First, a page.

Betsy’s fiancé wanted her to convert, but she wasn’t sure how she felt about the existence of G‑d. She felt that although she loved all things Jewish, she would be dishonest to claim to be a believer when she was not. I give her credit for her integrity; Jewish conversion is quite an undertaking, and converting solely for the sake of marriage wouldn’t have been authentic.

My mother and I had a dollar bet on Betsy’s converting when she had children. My mother was certain Betsy would come around. My mom lost that bet.

Betsy and her husband tried to provide their two children with a feeling of a connection to Jewish traditions and the Jewish community. It was Betsy who schlepped the kids to midweek Hebrew lessons, Sunday school, and later to bar and bat mitzvah lessons. They became active members of an egalitarian temple, where Betsy joined various committees and helped run the Purim carnival. Although Betsy’s husband had wanted to join a more traditional synagogue—like the one he grew up in—his non-Jewish wife was not welcome, which offended him, though not her.

When Betsy’s daughter was about 4 years old, Betsy’s mother, a frequent visitor to their home, was there. The daughter said something to her grandma about being Jewish, and Betsy’s mother said: “Well, actually, sweetheart, I’m not Jewish.”

The daughter’s eyes got wide. “But . . . but,” she stuttered, “but Mommy is Jewish!” Betsy took her daughter in her arms. “Actually, honey, I’m not Jewish either.”

Her daughter pulled away. “You are too Jewish! You are too Jewish!” she demanded. She pounded the coffee table, then hid in her room for a long time.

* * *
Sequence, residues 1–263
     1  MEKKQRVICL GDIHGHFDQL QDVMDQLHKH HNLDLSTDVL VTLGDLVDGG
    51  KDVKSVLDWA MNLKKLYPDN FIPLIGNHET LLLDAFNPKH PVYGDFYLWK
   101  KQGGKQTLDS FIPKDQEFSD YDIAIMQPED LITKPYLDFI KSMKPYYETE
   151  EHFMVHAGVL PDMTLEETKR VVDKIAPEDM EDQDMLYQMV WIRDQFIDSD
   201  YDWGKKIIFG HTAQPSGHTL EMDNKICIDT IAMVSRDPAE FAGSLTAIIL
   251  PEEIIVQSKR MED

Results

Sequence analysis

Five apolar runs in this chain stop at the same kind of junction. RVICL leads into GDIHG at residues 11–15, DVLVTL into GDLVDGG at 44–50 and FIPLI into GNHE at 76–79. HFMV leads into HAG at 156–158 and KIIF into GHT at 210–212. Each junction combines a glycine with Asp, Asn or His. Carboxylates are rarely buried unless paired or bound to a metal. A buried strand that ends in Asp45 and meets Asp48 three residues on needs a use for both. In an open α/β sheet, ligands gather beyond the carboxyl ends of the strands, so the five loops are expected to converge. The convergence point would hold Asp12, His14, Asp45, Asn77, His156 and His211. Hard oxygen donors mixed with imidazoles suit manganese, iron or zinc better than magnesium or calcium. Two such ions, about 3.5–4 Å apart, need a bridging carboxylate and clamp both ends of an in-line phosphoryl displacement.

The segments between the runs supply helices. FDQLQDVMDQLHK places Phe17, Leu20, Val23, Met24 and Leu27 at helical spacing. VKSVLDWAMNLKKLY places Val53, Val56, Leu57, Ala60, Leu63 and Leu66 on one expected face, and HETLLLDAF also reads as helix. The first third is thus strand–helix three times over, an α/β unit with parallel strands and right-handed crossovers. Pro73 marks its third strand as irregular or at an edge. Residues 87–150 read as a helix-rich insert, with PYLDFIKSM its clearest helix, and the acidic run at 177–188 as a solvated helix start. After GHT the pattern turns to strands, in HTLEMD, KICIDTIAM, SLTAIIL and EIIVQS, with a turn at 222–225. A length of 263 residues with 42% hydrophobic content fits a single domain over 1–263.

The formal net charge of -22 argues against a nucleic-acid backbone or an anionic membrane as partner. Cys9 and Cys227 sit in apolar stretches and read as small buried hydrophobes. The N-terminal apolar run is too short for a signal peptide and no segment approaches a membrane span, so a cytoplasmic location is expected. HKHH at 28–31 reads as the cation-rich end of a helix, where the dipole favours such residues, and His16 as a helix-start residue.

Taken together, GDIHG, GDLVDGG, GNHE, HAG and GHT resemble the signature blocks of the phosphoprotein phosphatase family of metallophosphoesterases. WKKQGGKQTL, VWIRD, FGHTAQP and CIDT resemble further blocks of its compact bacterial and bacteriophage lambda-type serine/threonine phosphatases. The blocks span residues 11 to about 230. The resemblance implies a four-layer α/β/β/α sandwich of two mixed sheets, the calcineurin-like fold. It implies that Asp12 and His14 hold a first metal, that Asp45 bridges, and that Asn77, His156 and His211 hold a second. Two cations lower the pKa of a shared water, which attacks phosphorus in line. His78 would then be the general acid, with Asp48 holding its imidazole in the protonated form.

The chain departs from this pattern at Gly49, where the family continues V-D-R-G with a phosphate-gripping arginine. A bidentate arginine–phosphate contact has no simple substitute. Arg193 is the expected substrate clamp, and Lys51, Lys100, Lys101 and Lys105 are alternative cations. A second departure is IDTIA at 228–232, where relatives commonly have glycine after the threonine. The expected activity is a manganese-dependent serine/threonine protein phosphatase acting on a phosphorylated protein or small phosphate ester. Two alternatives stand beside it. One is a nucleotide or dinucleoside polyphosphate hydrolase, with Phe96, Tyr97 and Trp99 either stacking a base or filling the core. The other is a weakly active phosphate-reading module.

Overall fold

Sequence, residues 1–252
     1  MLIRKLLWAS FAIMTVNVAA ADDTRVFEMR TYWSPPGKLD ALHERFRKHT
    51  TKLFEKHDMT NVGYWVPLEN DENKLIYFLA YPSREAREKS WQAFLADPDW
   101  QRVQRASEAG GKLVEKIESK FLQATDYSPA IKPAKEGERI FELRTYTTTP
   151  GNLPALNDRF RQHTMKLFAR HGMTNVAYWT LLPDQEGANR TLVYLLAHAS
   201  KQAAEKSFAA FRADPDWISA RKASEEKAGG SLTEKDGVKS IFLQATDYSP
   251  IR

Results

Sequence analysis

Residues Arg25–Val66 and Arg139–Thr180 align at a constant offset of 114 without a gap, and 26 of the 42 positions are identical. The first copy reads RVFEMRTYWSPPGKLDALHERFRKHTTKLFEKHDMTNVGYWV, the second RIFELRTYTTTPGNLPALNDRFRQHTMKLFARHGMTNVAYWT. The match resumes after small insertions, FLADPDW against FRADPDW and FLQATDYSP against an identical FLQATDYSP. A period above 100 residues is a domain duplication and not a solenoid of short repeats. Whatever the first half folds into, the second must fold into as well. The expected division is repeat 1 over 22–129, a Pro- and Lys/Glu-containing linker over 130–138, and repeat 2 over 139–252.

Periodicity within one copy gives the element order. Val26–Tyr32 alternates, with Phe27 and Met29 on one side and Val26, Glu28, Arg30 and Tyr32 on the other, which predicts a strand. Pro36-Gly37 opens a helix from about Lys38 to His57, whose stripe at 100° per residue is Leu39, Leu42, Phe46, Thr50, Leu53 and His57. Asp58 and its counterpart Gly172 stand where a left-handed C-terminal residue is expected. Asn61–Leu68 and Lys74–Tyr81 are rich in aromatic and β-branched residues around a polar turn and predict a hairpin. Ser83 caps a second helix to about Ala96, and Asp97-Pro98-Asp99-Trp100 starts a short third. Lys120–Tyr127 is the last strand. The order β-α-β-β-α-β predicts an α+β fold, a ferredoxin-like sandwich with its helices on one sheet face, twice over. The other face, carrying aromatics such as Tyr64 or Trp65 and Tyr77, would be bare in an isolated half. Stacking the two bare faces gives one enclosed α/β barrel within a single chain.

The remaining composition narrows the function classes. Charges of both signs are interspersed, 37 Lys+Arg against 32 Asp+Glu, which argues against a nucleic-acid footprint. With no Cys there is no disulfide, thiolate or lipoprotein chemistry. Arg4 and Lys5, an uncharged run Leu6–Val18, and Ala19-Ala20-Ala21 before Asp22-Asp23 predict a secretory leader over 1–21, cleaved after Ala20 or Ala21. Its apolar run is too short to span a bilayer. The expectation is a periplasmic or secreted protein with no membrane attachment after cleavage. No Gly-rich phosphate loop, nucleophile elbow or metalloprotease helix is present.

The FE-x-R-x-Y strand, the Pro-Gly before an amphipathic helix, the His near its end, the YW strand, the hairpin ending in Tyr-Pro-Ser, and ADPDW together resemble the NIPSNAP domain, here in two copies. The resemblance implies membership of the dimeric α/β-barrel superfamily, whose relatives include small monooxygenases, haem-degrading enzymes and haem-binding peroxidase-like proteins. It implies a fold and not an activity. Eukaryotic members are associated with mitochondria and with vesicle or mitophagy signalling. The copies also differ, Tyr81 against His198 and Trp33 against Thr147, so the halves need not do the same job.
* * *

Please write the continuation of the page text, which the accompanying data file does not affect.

The tragedy of the situation was that Betsy’s children were not Jewish either, since one’s Jewishness is dependent on the mother. But they weren’t given that message.

Now Betsy’s children are grown and out of the house. Her husband continues as a stalwart of the temple. He helps to lead Shabbat services, and reads regularly from the Torah. Betsy attends weekly Torah classes.

Their two children have drifted away from temple affiliation. The daughter married a boy who was not Jewish. He also has a Jewish father and a non-Jewish mother. He has no interest in Judaism.

Betsy’s daughter mentioned to her parents that if she and her husband would have a son, she didn’t think they would give him a brit milah, a ritual circumcision. Betsy’s husband was mortified, although there really was no reason to give a non-Jewish child a brit milah.

While Betsy and her husband are only one couple—and not necessarily representative of what alwaysTheir two children have drifted away happens—when I think of their bittersweet life story, I’m reminded of the possible repercussions and dangers of interfaith dating.

Betsy is still my very best friend, and I am so thankful that she is in my life. She feels happy the way things turned out for her family. I think her husband is still hoping that eventually his children will come to treasure the Jewish heritage he holds so dear.

In the meantime, he keeps busy practicing his Torah reading and leading Torah services. In these things, he finds meaning.